‘Vaccinate before you graduate’– Health dept. pushing to stop preventable diseases

Posted at 5:38 PM, May 09, 2017
and last updated 2017-05-09 17:38:39-04

KENT COUNTY, Mich. - The Kent County Health Department is asking high school students to 'vaccinate before you graduate,' with the help of a mother who lost her child to a vaccine preventable disease.

Parents have been vaccinating their children against the meningococcal infection for decades. However, the vaccine for one of the most deadly forms, Meningitis B, came to the U.S. in 2015. Unfortunately, that was two years too late for Alicia Stillman's daughter, Emily.

"In some ways, it feels like it was just yesterday and in other ways, it feels like a lifetime since I've heard her voice or her laugh," Stillman said at a joint press conference with the Health Department Tuesday afternoon. "It was a Thursday when she [Emily] called me with a headache, a simple headache. My daughter was braindead within 30 hours."

18-year-old Emily Stillman, a sophomore at Kalamazoo College, died after a vicious and unexpected fight with Meningitis B. Her mother is now joining forces with the KCHD, sharing her story to encourage others to vaccinate against Meningitis B before high school graduation.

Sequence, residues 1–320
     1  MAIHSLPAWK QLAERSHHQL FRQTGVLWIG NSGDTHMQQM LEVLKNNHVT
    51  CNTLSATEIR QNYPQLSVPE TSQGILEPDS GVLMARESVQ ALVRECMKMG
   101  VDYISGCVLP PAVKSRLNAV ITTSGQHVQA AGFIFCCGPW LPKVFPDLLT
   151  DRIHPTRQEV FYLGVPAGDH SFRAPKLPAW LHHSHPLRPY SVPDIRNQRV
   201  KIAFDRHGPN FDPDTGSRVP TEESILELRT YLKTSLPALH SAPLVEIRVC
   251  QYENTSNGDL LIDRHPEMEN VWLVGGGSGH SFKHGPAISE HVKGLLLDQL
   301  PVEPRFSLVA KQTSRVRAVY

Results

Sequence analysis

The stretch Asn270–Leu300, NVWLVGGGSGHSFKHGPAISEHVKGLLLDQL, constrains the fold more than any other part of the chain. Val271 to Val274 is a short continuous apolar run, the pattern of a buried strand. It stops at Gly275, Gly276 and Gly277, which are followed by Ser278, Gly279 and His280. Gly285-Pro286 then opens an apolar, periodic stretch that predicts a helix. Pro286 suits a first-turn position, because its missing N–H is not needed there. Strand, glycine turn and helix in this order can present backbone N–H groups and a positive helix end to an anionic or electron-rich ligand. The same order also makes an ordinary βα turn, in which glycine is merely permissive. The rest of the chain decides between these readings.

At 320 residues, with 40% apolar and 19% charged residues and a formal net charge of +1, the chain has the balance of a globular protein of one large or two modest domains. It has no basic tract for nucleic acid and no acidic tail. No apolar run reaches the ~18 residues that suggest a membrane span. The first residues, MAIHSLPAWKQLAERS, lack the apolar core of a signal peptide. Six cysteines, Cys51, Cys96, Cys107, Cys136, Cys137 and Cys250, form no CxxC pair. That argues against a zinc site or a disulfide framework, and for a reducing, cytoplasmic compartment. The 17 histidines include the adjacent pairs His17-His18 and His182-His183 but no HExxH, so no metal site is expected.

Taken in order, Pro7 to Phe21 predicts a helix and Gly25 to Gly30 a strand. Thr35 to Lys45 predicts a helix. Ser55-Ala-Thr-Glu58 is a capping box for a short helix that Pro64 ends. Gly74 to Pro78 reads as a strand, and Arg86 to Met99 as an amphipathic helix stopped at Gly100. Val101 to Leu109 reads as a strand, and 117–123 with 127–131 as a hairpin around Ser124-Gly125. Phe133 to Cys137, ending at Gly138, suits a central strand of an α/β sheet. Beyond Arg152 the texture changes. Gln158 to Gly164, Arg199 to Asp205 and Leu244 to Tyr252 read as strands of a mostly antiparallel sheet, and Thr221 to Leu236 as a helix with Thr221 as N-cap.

"Meningitis B is one of the most common and most dangerous forms of the bacteria," said Adam London, a Health Officer with the KCHD. "This is a deadly disease that most often affects the people between the ages of 17-23. Every year there are about 375 cases of the disease in the U.S. We have on average about one or two of these cases in Kent. Co."

In addition to getting vaccinated for Meningitis B, the health department's recommendations go a step further than what's required by the State of Michigan.

In order to go to school, children don't have to get the Meningitis B vaccine, nor are they required to get a handful of other immunizations like the flu or HPV vaccine. The state's vaccine requirements are limited to other serious diseases like Measels, Mumps, Hepatitis B and Polio. But Mary Wisinski, Immunization Program Supervisor with the health dept. says it's not enough.

"That's the minimum needed to protect our kids, and I don't ever want to go by minimum requirements," Wisinski said. "So we only request what's recommended and that's everything the CDC feels would keep our kids safe."

Four years after losing her own daughter to a vaccine preventable disease, Alicia Stillman has made it her life's work to educate and help others around the world, starting the Emily Stillman Foundation.

"That's why I'm standing here today, to urge parents and high school students, especially the seniors going to college or University to vaccinate before they graduate," Stillman said.

The health department recommends parents contact their health providers for information on the Meningitis B vaccine, asking parents to do their due diligence by doing their own research into vaccinations as well.